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their cars. many of them live in a very dense, urban area, just as many of us do. it's a terrific idea in that sense. now, there's also a part of that study that said that 40% of those people would say that they would move elsewhere if they didn't have a google bus to take them there. but the fact of the matter is, there is no transportation from downtown san francisco to mountain view. there is no -- i mean, there's a way to do it with the train, but you've got to take a bus to the train. there is no direct link, and that's what the real problem. >> it is complex, and the big, high-tech companies have pretty much stayed silent on this. we will see what they plan to do on this. i'm sure more to come on this. >> you can count on that. >> yeah, in the next year or so. another transportation issue generating headlines are these alternative ride services, like lyft, the pink mustache, which people recognize, uber, side car. jon, you've been reporting a lot on the conflict between the taxi industry and these services. first of all, though, explain how they work. >> well, these ride service companies, they enable any car
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owner to actually become a little bit of an entrepreneur. they can become sort of quasi taxi through these apps, these phone-based apps. they can sign up through the service and they can pick up passengers and take them around the city. >> and what is the appeal? are they just more convenient than taxis? >> well, i think the appeal is, and you will actually get people in the san francisco taxi industry admitting this -- the taxi industry has not done a great job of servicing the city. i mean, it's sort of a city that's notoriously hard to get a cab in, and these new firms have come in and kind of filled that gap, and they really have taken a significant amount of passengers away from traditional taxis and they've also taken away drivers from taxis. a lot of cab drivers are now moving over to their own vehicles and kind of setting up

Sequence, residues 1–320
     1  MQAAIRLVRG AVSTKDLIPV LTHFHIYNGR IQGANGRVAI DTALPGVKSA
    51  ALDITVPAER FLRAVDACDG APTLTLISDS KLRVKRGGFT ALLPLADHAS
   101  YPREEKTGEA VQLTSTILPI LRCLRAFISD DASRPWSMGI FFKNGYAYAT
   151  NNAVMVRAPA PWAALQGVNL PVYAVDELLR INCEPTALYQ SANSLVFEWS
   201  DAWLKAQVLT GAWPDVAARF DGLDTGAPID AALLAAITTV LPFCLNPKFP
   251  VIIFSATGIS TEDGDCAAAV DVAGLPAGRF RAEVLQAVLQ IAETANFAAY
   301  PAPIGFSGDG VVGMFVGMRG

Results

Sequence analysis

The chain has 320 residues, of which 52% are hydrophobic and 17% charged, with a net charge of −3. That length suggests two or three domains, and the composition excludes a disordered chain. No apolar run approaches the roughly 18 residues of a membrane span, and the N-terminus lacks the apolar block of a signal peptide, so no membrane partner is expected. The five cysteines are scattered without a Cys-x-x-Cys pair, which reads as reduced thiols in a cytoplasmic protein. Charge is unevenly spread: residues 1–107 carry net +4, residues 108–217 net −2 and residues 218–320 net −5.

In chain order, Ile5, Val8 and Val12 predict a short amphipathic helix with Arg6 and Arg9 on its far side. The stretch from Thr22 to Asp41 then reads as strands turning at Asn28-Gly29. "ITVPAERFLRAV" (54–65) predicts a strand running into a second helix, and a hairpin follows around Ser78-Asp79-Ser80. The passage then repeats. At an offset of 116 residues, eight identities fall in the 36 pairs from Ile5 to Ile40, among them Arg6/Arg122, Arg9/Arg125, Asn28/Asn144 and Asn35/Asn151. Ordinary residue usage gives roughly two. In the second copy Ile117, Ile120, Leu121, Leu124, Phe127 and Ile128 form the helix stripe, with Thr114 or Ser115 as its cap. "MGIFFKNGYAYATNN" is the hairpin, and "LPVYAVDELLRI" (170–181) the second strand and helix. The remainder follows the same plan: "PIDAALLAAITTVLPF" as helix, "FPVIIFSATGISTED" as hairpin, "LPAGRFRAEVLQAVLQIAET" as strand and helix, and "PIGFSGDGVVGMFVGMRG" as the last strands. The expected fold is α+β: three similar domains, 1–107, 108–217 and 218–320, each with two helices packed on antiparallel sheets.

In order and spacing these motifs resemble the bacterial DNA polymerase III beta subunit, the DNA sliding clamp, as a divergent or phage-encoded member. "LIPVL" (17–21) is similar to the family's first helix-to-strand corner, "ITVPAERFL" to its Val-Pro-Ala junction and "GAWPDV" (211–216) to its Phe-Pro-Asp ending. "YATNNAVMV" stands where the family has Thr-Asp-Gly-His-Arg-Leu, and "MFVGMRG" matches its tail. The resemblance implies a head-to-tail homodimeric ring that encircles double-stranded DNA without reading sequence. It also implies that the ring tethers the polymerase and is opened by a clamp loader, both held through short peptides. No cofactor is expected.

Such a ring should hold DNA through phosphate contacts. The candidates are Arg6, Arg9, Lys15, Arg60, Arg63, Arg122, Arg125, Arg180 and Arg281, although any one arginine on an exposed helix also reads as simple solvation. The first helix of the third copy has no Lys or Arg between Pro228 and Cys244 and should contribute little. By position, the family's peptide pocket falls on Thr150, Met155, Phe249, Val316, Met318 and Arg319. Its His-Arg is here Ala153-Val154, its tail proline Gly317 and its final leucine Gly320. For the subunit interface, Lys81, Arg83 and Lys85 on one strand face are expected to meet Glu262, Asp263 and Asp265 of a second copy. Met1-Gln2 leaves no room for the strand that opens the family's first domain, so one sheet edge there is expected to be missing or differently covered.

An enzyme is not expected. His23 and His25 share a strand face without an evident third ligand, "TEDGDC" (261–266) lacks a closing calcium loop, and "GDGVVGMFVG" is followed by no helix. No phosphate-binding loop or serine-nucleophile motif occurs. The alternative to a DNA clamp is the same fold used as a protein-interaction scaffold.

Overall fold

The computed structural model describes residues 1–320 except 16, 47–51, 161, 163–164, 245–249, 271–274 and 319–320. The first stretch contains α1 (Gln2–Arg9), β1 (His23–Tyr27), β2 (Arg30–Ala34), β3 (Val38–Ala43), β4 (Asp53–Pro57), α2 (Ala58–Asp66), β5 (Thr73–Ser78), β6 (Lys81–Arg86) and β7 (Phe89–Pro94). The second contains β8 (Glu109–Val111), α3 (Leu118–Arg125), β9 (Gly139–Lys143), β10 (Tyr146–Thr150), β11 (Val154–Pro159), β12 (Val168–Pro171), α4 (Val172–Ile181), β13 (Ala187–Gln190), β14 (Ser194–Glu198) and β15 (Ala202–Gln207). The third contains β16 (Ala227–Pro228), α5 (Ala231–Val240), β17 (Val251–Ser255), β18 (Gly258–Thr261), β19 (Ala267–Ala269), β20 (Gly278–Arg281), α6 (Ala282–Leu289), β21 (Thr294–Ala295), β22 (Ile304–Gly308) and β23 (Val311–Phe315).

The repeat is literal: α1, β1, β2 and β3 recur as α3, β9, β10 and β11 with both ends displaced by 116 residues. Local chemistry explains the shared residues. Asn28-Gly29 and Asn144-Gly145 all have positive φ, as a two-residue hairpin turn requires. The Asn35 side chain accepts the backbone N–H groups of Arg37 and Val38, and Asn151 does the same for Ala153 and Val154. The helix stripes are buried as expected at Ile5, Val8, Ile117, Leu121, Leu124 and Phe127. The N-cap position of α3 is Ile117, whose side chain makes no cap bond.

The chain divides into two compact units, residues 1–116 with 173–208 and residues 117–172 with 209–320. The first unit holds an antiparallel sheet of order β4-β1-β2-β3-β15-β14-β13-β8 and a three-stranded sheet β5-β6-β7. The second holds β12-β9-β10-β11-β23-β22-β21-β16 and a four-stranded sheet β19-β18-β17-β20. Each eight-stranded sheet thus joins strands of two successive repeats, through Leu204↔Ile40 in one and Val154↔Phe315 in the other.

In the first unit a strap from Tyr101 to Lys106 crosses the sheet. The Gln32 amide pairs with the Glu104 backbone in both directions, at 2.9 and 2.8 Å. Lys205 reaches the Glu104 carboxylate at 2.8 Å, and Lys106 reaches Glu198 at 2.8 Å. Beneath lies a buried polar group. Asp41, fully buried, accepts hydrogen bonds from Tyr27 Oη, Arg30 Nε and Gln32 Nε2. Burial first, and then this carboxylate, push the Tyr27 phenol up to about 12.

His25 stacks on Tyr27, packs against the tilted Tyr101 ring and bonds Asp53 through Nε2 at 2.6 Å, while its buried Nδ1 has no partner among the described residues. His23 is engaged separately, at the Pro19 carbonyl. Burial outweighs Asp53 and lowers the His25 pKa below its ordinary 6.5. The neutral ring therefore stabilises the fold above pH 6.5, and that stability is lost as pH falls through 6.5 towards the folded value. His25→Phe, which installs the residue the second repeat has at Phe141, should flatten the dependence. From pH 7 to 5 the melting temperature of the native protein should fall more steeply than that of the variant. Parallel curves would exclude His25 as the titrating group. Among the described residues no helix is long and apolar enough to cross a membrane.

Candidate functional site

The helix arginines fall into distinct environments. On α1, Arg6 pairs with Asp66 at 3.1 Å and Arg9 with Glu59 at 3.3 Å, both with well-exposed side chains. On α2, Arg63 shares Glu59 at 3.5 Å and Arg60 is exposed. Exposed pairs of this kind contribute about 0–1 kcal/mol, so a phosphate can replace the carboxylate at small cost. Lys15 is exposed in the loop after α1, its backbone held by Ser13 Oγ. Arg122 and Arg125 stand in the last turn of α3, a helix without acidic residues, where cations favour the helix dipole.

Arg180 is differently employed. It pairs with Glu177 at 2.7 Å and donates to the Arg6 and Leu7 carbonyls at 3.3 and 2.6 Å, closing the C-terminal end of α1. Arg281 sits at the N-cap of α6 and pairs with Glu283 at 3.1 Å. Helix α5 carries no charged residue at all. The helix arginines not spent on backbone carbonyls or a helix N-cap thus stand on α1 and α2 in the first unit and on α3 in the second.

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shop for themselves. >> ironically, many of them -- i did a column on this at one point. one of the taxi drivers got in touch with me and said you've got to ride around with me and so forth, i'll show you how difficult it is to be a cab driver, so i did. then he called me and said now i'm doing uber 2. it's a separate cell phone for uber, so he takes the regular cab rides, but also does uber. so, as much as they talk about how damaging this is, they recognize which way the wind's blowing and they're going to pick up on this. >> jon, talk to us quickly about the insurance issue, because these are basically private drivers using their private vehicles for a commercial purpose. do they have commercial insurance? are they insured at all? >> well, the ride service companies, like lyft and side car, et cetera, they have a $1 million excess liability policy in effect that's supposed to kick in when the driver's private insurance leaves off. the only problem is, is that the insurance industry says that
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private insurance will never cover an accident if you are driving commercially. so, what we're seeing in our reporting -- we've talked to a lot of these drivers, and they don't want to come public with the fact that they actually are driving commercially, but they're afraid that their insurance companies will actually cancel their policies. and just recently, we've seen that's happened to a couple of people. >> and that -- >> pardon me, there's even a movement at one point where the cab drivers were posting photos of the people who were -- so that the insurance companies could see them and say, it strictly says in your policy, you do not drive for hire with this insurance company. >> and of course, the insurance issue becomes a very big question when accidents happen, and we have had a couple recently, including one on new year's eve that involved a few fatalities. so, many more questions that remain unanswered. >> yeah. >> thank you both for being here. >> thank you. >> sure thing. >> and if you're wondering where scott shafer is, he's on vacation tonight, but he'll be back with us next friday with a look at some of the stories we'll be covering. for all of kqed's news coverage,
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please go to kqednews.org. i'm thuy vu. thanks for watching. have a good night.